The Labor Department's fiduciary re-proposal is at least four months away, but that hasn't diminished speculation about what the rule will entail.
A panel of attorneys who specialize in the Employee Retirement Income Security Act of 1974 appeared at the American Society of Pension Professionals & Actuaries' annual 401(k) Summit in Las Vegas on Monday morning, discussing their expectations for the DOL's approach to the fiduciary rule. That proposal is expected to be issued in July.
Panelist C. Frederick Reish, a partner with Drinker Biddle Reath LLP, noted that while he doesn't think the rule will be disruptive for third-party administrators and registered investment advisers, broker-dealers and their reps won't be thrilled with the outcome.
“They'll likely say it's too much and that it goes too far,” he said. “The broker-dealer community isn't going to care for the fiduciary role, but I think there will be some relief in prohibited-transaction exemptions that will make it palatable.”
Marcia Wagner, managing director at The Wagner Law Group, predicted that the upcoming rule will have a carve-out allowing brokers to continue their relationships with 401(k) plans — they will have to disclose with an “in-your-face” disclaimer that they aren't fiduciaries.
Despite the impingements, IRA rollovers could turn out to be a lucrative business for brokers who have 401(k) clients. While a 2005 advisory opinion from the DOL has created significant obstacles that dissuade plan fiduciary advisers from trying to solicit workers for rollovers, advisers are permitted to educate workers on rollovers.
And there is some wiggle room if advisers make it clear to employers in a document that they don't have plan-related authority to sell rollover services. Ms. Wagner said advisers need to demonstrate in that document that they aren't using the authority and influence they have as a 401(k) adviser to work with employees leaving the plan.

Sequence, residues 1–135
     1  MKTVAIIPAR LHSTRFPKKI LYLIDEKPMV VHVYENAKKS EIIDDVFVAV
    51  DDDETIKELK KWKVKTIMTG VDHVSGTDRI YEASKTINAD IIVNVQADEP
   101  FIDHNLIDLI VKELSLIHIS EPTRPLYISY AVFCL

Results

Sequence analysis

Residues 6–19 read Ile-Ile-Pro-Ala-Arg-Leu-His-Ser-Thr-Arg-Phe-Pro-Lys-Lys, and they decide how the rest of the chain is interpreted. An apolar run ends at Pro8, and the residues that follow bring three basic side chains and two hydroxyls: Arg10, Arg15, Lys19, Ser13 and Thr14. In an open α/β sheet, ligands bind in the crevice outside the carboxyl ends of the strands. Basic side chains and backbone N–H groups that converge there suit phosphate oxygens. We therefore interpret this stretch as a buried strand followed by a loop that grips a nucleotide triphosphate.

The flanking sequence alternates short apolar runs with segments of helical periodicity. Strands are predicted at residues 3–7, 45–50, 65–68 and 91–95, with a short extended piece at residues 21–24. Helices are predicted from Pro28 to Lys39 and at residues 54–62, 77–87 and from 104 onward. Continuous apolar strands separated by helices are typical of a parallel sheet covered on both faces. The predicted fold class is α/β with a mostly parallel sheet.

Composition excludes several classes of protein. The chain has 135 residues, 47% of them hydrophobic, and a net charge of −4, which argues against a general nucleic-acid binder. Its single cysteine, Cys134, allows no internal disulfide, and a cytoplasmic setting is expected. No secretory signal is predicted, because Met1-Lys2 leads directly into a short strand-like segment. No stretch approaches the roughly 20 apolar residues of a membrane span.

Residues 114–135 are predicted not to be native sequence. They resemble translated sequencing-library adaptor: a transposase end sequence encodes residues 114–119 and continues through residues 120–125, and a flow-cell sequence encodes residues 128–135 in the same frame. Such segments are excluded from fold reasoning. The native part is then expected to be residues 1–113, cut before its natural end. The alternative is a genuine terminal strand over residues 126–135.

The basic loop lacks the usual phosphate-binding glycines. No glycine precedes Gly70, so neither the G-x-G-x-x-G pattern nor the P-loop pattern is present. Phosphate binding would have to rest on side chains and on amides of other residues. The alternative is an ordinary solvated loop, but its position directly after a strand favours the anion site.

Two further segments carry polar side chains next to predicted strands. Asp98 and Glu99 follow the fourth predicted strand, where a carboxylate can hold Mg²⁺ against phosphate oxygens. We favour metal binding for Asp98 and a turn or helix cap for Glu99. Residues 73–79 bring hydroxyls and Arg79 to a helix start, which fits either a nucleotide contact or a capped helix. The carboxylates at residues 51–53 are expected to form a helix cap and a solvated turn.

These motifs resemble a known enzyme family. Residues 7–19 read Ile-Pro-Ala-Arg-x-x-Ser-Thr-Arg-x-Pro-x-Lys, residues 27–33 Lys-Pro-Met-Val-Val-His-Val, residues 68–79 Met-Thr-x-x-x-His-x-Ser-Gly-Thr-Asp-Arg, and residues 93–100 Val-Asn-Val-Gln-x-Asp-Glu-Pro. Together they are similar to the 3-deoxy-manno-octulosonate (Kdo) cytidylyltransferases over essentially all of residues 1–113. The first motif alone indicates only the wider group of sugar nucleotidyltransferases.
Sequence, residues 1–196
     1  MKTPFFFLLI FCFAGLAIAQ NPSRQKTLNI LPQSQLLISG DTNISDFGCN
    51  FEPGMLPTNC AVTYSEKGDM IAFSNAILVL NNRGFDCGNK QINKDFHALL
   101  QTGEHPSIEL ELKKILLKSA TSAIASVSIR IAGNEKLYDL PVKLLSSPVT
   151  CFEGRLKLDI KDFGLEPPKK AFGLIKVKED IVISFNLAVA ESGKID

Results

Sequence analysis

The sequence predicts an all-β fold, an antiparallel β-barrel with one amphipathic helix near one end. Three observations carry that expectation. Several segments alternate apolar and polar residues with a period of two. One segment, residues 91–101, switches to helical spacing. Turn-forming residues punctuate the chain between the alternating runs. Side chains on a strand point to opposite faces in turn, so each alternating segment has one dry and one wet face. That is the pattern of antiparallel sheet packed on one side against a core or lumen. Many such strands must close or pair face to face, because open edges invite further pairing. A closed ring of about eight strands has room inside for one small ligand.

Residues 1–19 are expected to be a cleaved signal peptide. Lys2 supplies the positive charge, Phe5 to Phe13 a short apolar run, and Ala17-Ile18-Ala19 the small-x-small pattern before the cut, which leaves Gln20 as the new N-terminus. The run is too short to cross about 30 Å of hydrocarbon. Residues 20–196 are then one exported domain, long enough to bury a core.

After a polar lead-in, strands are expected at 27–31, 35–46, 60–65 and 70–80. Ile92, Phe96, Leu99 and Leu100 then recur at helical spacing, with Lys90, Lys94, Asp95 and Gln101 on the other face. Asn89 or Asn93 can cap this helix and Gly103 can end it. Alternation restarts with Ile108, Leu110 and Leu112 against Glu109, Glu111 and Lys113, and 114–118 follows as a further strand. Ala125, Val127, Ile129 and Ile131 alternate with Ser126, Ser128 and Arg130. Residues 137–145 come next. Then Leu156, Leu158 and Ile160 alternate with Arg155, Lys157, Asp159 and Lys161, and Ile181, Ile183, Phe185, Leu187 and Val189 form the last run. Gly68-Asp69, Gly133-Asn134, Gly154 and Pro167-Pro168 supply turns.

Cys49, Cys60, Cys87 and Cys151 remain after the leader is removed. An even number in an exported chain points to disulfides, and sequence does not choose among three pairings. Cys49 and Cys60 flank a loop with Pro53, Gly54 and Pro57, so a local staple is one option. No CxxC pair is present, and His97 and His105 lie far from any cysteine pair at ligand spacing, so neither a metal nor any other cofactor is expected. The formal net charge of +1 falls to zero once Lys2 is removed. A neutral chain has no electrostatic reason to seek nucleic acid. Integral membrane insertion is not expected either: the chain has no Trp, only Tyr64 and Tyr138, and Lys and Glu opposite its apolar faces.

“This [note] shows documentary evidence of a good-faith attempt to comply with these standards,” she added.
The panelists offered some prognostications on what the next big areas of legal activity will be for 401(k) plans.
Mr. Reish expects the DOL to put greater emphasis on uneven and undisclosed compensation going to service providers. Ms. Wagner expects greater focus on the due-diligence process involved in the selection of target date funds as qualified default investment alternatives within 401(k)s.
The Labor Department last week released its fiduciary checklist for analyzing target date funds — information that will be key in protecting plan sponsors and advisers. Among the most important tasks on the list is documenting the due-diligence process.
“Because of the crash for 2010 target date funds, there's a heightening of awareness from tort bars and regulators,” Ms. Wagner said. “If you don't rise to the expectation, the next market crash will lead to a lot of lawsuits.”